Herengawe makes New Zealand return

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Herengawe will make his return to New Zealand racing at Awapuni on Saturday.

The Isaac Lupton-bred and owned gelding last raced in New Zealand 18 months ago when he was victorious in the Group 3 Metric Mile (1600m) at Awapuni.

He has since been racing in Sydney under the care of leading trainer Chris Waller, where his best result was a placing in the Group 3 Premier Cup (1900m) at Rosehill last August.

He failed to flatter in his subsequent starts and has returned to Lupton’s Waverley dairy farm where he is trained by partner Joanne Moss.

“He went one good run, but overall he was a bit disappointing, particularly his second preparation where he did nothing at all,” Lupton said.

The son of Zed will line-up in the Listed James Bull Holdings Rangitikei Gold Cup (1600m) at Awapuni on Saturday, and while he has had stakes success over the distance and course, Lupton has reserved expectations heading into the weekend.

“He hasn’t had a trial or anything, so we are hoping he still has some residual fitness from his racing the week before he left Sydney in February,” he said.

“I couldn’t imagine him featuring in the finish.”

Lupton admitted Herengawe is on trial on Saturday, with a career change to a hunter possibly on the cards.

“He is on trial, he might be given away as a hunter yet,” Lupton said.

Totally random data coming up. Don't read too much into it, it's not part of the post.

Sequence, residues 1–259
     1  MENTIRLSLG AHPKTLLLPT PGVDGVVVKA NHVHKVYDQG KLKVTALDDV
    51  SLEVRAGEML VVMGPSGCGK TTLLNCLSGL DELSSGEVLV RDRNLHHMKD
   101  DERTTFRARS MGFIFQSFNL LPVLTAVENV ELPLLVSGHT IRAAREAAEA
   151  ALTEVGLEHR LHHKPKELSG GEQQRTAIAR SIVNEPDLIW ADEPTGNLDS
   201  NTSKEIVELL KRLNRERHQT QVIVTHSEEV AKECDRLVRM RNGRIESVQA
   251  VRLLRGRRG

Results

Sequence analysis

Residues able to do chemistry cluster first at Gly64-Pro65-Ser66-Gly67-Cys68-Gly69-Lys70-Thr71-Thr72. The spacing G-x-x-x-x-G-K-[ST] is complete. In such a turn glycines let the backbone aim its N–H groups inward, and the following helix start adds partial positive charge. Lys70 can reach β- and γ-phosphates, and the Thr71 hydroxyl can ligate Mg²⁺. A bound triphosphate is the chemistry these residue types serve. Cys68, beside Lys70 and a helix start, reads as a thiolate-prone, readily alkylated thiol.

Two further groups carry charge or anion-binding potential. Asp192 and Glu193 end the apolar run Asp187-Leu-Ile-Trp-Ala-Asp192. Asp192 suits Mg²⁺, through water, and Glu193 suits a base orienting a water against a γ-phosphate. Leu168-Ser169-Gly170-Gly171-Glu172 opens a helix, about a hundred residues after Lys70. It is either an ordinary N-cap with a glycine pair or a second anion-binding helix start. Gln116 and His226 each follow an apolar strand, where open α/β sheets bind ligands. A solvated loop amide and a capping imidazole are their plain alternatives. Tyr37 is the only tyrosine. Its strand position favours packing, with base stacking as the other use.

“If he runs okay he can back-up at Wanganui (in a fortnight), there is a race (Listed AGC Training Stakes, 1600m) there that might be alright, we will just see after that.”

While his future could lie in hunting, Lupton, a decorated jumps jockey, doesn’t think he will suit jumps racing.

“He has jumped logs and the pony fences, but he doesn’t overly thrill me as a jumper,” he said.

“We will probably do some more intensive jumping with him as we go through the winter, just to keep him occupied, but as a raceday jumper I am a bit doubtful.”

Lupton said he is tempted to keep his charge ticking over during winter until they are met by better tracks in the spring.

“The jockeys over in Australia thought he was after better tracks and the one run he did go well he placed on a Good track,” Lupton said. “We will just take it race by race.

“We could tick him over during the winter and if he is worth carrying on with, we may put him over 2000m on slightly better tracks.”

With jumps racing well under way, Lupton has been a noticeable absentee and he said he hasn’t got any set plans when it comes to raceday riding this season.

“I enjoy riding trackwork every day, but I haven’t got too many plans with riding (on raceday) at the moment,” he said.

“I am busy enough with the cows and we have got a few horses we are working, so we are busy enough with them. I have put riding on the wayside at the moment.”

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